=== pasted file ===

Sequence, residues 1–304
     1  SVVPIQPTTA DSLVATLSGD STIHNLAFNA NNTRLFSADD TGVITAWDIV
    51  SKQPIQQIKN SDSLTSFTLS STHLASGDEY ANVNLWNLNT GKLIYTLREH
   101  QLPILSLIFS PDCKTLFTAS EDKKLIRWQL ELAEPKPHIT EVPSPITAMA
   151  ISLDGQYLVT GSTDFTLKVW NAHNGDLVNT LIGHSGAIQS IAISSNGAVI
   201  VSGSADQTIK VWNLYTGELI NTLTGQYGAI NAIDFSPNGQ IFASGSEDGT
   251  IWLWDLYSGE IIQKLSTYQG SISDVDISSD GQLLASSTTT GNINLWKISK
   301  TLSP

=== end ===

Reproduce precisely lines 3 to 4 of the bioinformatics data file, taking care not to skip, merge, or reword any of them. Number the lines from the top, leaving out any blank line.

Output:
    51  SKQPIQQIKN SDSLTSFTLS STHLASGDEY ANVNLWNLNT GKLIYTLREH
   101  QLPILSLIFS PDCKTLFTAS EDKKLIRWQL ELAEPKPHIT EVPSPITAMA